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Did you get your flu shot? Here’s why they’re especially critical for seniors

Posted: 12/2/2019 8:00 AM by Interim HealthCare

Cold and flu season is among us. More than a nuisance, the flu can be deadly -- especially for seniors. The CDC reports that between 70 and 85 percent of people who die from the flu every year are seniors over the age of 65. 

 

And flu-related deaths among seniors are on the rise. In 2017, more than 12,000 seniors died from the flu. That number is double the total from 2016, and six times the total from 2015-2016. 

 

More seniors receive their flu shots than other age groups (69% of seniors in 2017); however, even with a higher adoption rate, more than 30% of seniors are left unprotected. The numbers are even more alarming in other age groups:

 

46% for ages 50-64

33% for ages 18-49

48% for ages 17 and under

Nearly everyone should get a flu shot

These deaths are preventable! According to the Centers for Disease Control, everyone age 6 months and older should receive a flu shot each year.  While the CDC recommends receiving your flu shot by the end of October, vaccination can continue throughout the flu season. That means it’s not too late for you or your loved one to receive a vaccination.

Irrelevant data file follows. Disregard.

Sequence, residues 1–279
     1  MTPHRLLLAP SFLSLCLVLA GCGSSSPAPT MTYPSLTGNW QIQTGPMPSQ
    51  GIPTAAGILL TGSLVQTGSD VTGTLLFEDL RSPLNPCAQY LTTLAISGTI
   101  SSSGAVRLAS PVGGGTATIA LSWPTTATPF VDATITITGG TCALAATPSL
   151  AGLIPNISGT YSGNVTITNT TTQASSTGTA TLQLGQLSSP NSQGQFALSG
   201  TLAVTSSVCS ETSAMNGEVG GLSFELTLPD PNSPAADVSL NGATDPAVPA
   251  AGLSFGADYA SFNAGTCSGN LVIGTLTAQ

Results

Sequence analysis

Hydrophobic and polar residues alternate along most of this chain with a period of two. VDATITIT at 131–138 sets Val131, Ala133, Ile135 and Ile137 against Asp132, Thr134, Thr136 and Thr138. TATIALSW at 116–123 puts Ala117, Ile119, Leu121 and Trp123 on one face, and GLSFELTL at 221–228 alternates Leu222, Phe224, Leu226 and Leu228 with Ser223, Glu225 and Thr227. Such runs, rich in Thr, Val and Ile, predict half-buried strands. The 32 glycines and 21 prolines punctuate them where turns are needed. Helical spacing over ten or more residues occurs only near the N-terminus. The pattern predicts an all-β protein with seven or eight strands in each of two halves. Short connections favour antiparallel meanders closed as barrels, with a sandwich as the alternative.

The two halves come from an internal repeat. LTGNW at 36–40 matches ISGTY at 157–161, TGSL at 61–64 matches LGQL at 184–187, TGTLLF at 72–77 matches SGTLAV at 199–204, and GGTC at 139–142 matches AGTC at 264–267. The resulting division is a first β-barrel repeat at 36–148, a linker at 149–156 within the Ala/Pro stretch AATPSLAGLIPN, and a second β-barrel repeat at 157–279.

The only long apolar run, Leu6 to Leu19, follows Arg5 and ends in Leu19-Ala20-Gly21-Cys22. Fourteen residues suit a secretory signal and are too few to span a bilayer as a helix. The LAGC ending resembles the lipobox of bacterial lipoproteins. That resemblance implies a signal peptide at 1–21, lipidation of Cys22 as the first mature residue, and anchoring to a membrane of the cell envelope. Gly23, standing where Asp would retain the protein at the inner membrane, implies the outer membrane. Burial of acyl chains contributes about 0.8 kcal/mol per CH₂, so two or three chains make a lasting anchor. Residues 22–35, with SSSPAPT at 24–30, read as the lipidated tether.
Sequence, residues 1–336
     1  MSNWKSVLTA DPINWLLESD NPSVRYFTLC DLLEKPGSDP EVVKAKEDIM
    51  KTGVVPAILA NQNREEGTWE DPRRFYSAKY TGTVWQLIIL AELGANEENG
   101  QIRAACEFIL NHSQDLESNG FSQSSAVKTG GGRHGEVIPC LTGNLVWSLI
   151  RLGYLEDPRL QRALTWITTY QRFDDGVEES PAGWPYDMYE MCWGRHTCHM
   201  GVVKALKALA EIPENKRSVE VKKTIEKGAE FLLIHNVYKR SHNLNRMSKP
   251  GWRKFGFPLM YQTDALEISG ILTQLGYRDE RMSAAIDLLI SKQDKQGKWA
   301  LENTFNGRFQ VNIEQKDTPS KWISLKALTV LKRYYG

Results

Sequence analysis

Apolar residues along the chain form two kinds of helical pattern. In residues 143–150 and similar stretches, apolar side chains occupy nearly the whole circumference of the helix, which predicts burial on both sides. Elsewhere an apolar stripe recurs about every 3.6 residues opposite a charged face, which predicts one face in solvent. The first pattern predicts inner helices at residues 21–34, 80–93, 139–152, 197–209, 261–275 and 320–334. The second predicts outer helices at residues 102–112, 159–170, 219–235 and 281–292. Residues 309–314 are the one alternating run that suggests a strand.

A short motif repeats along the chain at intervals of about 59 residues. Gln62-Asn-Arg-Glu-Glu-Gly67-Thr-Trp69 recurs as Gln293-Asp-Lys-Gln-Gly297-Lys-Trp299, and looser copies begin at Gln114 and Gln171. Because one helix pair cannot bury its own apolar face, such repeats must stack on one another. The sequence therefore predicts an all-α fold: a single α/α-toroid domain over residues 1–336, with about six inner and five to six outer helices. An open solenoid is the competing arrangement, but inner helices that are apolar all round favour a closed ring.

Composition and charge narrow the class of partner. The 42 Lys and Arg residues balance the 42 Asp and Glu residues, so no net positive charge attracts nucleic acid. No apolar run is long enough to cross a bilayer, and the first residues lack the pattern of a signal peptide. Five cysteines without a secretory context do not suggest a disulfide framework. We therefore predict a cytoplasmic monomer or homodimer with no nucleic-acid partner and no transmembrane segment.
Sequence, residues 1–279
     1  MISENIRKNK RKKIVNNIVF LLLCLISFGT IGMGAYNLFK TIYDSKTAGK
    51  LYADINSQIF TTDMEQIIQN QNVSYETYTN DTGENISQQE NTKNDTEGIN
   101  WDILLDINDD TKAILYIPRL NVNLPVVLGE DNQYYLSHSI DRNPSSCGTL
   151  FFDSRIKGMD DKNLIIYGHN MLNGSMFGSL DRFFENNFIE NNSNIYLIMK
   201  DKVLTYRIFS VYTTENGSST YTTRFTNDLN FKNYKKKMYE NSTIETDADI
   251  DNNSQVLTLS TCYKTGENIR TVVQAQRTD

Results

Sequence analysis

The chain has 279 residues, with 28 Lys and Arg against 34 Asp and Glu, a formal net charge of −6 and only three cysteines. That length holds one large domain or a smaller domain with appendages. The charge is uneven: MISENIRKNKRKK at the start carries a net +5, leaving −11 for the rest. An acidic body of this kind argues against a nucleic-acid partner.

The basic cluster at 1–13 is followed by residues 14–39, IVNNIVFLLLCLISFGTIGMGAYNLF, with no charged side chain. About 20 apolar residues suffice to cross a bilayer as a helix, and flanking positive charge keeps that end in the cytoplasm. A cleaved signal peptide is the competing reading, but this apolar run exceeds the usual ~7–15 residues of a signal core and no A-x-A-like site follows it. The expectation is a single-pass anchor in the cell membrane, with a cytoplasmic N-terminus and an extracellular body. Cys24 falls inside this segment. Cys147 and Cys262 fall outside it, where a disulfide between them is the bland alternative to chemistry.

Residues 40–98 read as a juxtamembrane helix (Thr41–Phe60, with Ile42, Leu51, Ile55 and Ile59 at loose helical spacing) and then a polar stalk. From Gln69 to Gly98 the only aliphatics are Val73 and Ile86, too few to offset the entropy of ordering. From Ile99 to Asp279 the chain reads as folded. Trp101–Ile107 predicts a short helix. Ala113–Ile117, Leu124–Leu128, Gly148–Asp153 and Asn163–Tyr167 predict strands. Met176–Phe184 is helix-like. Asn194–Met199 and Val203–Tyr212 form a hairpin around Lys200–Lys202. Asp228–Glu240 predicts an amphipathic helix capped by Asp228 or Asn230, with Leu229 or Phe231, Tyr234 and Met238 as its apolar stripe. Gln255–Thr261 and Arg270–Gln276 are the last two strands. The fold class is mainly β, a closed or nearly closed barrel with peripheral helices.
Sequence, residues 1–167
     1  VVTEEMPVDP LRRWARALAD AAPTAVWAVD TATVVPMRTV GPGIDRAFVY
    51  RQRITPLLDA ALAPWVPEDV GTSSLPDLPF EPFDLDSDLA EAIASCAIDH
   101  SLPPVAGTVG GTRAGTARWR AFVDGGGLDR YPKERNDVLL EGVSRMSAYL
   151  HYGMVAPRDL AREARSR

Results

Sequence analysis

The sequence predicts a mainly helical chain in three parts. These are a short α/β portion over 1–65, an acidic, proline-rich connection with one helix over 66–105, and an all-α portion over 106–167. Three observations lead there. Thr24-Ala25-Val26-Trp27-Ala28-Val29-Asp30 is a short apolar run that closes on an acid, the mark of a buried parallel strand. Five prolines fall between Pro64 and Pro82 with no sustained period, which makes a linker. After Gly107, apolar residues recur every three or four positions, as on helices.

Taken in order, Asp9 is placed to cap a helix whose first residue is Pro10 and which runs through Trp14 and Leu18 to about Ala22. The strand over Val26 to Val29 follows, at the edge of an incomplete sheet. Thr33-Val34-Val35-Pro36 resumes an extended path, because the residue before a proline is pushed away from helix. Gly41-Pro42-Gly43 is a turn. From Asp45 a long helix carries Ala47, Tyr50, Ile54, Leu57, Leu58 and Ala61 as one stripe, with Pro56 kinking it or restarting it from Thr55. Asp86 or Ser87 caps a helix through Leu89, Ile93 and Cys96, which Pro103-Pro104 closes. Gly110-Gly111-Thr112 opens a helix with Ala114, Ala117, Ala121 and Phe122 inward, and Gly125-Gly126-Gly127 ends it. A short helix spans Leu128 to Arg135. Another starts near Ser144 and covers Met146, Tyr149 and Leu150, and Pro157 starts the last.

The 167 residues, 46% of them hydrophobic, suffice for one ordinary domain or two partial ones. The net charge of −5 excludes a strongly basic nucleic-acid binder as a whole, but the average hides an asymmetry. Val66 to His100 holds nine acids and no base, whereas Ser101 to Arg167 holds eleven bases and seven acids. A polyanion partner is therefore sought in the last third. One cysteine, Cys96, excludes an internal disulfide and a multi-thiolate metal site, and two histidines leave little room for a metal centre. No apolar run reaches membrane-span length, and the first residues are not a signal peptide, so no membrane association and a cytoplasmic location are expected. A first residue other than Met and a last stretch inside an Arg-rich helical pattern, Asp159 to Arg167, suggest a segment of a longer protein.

There are specific instances where a flu shot may not be recommended. Be sure to talk to your or your loved one’s doctor to determine whether a flu shot is appropriate for your health. 

 

Taking a closer look, here are some important reasons you and your senior loved ones should get their flu shot this year:

Flu shots can prevent the onset of the flu

Each year, medical experts predict which flu strains will be the most prevalent during the following flu season. Most often, the vaccination will protect against four specific strains of the flu. That year’s flu shots are established to protect against those strains. This means that the flu shot can help prevent you from becoming sick with the flu altogether. 

 

Seniors may also be advised to receive a higher-dose vaccine for added protection. 

Flu shots can also lessen the severity of flu symptoms

Sometimes, the flu shot cannot completely prevent the onset of flu symptoms; however, the protection of your vaccination can lead to reduced severity of symptoms. In these instances, that can mean the difference between feeling under the weather for a few days, and hospitalization (or even, death).

Vaccination can help you prevent spreading the flu

While anyone can have complications from the flu, seniors, small children and those with compromised immune systems are especially at risk for severe complications.

 

If you’re not at risk, you may think that you do not need a flu shot. However, vaccinating yourself not only protects you, it can prevent the spread of flu strains to those who cannot receive vaccination. 

Protect your senior loved ones this flu season.

Vaccination against the flu can prevent serious consequences for your senior loved ones, and your entire family. To learn more about the flu, flu shot, prevention and treatment for seniors over the age of 65, check out this resource from the Centers for Disease Control.